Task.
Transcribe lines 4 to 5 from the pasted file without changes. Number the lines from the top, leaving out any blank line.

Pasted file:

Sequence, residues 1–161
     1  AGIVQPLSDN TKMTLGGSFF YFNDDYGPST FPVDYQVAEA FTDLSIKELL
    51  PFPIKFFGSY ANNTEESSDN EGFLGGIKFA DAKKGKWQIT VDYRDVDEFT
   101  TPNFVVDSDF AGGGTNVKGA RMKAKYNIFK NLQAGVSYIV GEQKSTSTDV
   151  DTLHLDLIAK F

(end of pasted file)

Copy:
   101  TPNFVVDSDF AGGGTNVKGA RMKAKYNIFK NLQAGVSYIV GEQKSTSTDV
   151  DTLHLDLIAK F